National Travel Assistance Scheme

Friday, February 24th, 2023 | claly44p | No Comments

We are all aware that access to health services in Aotearoa is inequitable especially regarding ethnicity and rurality. The National Travel Assistance Scheme started in 2005 to provide financial help for those having to travel far to receive specialist care. In this literature review, undertaken through an Otago Medical School Deans Research Scholarship, third-year medical student, Lucy Maher, describes what is known about the NTA scheme and identified significant knowledge gaps that pose numerous questions for future research.

Thanks Lucy – great work, enjoy your gap year!

NTA Project Report 2023[81]


The Rural Review: Ep1

Friday, March 29th, 2019 | Rory | No Comments

This is the first of a continuing series of CME related posts. This rural review takes a look at the recent evidence with comment/interpretation provided by two legends who are part of the Rural Post-graduate Programme: Dr Steve Withington and Dr Garry Nixon.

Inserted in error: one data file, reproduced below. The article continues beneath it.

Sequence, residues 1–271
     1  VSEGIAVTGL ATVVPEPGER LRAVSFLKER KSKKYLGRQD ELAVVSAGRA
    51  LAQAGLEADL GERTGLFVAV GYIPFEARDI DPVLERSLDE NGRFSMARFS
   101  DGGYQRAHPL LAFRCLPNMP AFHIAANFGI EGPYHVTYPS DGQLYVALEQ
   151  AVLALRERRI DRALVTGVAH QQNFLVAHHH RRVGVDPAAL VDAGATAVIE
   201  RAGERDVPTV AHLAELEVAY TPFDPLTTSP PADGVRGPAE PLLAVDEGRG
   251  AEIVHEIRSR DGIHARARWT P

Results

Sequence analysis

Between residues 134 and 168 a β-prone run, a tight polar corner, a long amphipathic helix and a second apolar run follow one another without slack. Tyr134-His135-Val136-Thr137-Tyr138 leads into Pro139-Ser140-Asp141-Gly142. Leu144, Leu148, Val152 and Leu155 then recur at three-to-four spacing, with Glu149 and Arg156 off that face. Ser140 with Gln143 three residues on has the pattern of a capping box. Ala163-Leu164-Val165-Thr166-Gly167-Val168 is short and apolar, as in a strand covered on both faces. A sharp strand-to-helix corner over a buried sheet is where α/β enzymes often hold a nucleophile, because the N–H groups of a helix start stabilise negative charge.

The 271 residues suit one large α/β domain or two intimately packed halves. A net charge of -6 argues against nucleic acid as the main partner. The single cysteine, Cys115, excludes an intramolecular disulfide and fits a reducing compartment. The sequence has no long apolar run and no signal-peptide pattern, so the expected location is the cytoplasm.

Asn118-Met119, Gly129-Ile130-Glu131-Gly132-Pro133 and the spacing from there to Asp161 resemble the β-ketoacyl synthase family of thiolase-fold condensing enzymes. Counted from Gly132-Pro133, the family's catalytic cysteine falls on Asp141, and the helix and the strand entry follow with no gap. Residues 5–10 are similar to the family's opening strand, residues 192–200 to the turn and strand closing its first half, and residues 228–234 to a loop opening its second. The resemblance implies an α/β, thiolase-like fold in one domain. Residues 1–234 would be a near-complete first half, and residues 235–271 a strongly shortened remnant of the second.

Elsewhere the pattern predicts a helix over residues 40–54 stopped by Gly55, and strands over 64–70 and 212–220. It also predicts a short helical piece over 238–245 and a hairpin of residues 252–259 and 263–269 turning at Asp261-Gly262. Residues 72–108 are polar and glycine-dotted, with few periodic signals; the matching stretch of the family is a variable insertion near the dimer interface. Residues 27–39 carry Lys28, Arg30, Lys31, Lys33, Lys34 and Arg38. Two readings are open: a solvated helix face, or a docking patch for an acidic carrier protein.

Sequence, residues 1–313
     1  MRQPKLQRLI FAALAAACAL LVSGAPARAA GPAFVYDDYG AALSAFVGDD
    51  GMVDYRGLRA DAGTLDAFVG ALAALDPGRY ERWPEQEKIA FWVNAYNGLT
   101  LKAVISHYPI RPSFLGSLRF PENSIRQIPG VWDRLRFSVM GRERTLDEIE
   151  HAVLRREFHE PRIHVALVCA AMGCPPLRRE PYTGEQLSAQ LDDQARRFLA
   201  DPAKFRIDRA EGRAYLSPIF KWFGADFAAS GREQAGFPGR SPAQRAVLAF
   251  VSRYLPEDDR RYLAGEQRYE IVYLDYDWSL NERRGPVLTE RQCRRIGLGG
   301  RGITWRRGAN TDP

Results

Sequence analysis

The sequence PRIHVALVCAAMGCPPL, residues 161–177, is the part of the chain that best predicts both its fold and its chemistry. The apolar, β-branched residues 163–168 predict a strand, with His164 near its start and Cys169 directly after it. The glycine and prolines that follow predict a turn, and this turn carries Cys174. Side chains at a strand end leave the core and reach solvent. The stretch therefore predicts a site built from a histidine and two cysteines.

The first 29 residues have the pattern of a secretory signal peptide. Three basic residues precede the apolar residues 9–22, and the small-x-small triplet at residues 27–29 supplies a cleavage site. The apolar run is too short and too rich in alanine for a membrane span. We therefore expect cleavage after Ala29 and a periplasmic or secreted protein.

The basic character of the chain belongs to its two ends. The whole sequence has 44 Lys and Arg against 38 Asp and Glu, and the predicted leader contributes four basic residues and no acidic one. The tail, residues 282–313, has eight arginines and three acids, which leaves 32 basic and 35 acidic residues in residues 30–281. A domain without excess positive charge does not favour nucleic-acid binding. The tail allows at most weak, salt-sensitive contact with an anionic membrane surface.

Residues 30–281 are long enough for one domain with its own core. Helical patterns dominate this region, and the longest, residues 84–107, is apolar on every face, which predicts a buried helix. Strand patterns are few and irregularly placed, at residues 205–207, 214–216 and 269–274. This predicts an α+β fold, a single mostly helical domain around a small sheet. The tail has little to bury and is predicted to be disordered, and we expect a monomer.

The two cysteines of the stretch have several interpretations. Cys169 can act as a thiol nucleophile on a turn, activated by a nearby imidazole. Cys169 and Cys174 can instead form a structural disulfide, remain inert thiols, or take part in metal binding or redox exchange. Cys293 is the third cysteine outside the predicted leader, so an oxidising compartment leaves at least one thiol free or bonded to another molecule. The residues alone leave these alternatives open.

Steve Withington is a rural doctor who works in Ashburton.  He teaches GENA 729 Medical specialties in Rural Hospital medicine

Endovascular clot retrieval for acute ischaemic stroke in New Zealand

Burnell, A. L., Ranta, A., Wu, T., Fink, J., McGuiness, B., Caldwell, J., … Barber, P. A. (2018). Endovascular clot retrieval for acute ischaemic stroke in new zealand. The New Zealand Medical Journal (Online), 131(1484), 13–18. Retrieved from

This report of New Zealand’s experience with endovascular clot retrieval (ECR) warrants serious consideration by rural generalists.